Interim Jubilee officials in Embu County have dared disgruntled aspirants for various political seats to ditch the party instead of fanning internal conflicts over the forthcoming nominations.
Led by interim chairman Elias Kathiga, the officials sought to allay claims that some favoured candidates had already obtained direct tickets to run for various seats after employing clandestine tactics at the Jubilee Party headquarters in Nairobi, saying this was cowardly propaganda.
The chairman stated that it was better for the party to lose some of its members and remain peaceful than harbouring numerous candidates who would destabilize the party from within through endless tussles over dissatisfaction in the leadership hierarchy.
Speaking after meeting aspirants for all elective seats in the county, the interim officials reaffirmed their commitment to serve the party fairly without discriminating against any candidate and called upon those discontented with the Jubilee leadership to refocus their energies to voter registration.
They unanimously denounced the on-going political squabbles over control of the party leadership, saying their main assignment from the party headquarters was to ensure voter registration targets for Embu County were met before the Interim Electoral and Boundaries Commission closed the exercise.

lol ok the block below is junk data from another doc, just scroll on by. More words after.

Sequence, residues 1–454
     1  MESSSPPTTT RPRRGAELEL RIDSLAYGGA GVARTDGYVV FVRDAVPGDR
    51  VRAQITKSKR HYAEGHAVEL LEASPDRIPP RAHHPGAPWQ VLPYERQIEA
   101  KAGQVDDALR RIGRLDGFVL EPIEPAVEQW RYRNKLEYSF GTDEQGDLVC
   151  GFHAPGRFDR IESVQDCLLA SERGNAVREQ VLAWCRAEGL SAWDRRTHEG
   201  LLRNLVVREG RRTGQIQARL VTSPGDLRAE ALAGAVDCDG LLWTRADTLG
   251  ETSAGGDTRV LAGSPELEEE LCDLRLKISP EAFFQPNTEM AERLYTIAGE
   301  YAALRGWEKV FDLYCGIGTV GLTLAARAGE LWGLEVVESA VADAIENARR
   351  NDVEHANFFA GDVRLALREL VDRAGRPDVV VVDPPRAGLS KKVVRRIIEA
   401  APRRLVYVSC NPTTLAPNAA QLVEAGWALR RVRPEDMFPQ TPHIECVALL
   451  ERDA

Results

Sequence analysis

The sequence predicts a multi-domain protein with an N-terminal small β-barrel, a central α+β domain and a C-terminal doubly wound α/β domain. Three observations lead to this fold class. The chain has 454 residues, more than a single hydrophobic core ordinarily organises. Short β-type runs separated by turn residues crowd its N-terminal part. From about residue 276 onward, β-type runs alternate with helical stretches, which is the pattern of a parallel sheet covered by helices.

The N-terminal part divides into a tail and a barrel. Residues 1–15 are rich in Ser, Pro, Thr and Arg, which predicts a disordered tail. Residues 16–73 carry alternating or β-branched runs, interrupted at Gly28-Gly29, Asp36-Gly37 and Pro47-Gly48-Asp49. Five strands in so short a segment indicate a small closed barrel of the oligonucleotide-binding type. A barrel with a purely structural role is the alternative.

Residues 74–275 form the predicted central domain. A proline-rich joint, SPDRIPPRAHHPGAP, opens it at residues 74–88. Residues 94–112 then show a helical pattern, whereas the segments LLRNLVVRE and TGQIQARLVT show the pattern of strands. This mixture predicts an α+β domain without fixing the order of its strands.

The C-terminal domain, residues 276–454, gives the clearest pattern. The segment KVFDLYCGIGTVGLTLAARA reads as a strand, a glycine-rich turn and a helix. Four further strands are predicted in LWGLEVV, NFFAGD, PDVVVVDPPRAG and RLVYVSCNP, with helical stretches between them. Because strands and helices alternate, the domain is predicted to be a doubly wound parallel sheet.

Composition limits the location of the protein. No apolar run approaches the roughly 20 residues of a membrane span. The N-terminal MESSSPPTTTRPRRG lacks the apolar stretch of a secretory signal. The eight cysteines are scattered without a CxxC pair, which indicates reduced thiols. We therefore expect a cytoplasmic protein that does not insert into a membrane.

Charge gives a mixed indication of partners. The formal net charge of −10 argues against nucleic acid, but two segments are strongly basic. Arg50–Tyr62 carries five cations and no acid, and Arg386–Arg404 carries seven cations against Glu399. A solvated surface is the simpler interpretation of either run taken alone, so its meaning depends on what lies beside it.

On his part, County Jubilee Interim Secretary General Johnston Nyaga blasted a group led by former Cooperatives Minister Njeru Ndwiga for claiming that there were plans by Embu County Assembly Speaker Kariuki Mate to rig Embu nominations in favour of Runyenjes MP Cecily Mbarire.
Nyaga trashed the allegations as sensational, alarmist and meant to heighten tension amongst aspirants. He also warned the faction that enjoys the support of Governor Martin Wambora and Senator Lenny Kivuti against attempts to act as the party’s human resource department by purporting to vet members of its national secretariat.
Water Trust Fund Chairman Geoffrey Ruku who is aspiring for the Embu Senatorial seat said any candidates who had identified themselves with the party should either be ready to support the party even after losing in nominations or leave while it was still early.
Ruku said some of the candidates who had expressed fears over fairness in the party primaries and discomfort with its leadership were only worried due to their waning popularity. He said most aspirants had confidence that nominations would be free and fair and would not defect even after losing.
The interim officials said they had launched an ambitious two-week voter mobilization drive which would require all aspirants to go down to the grassroots to ensure every eligible voter was registered before the end of the voter listing exercise on February 14th.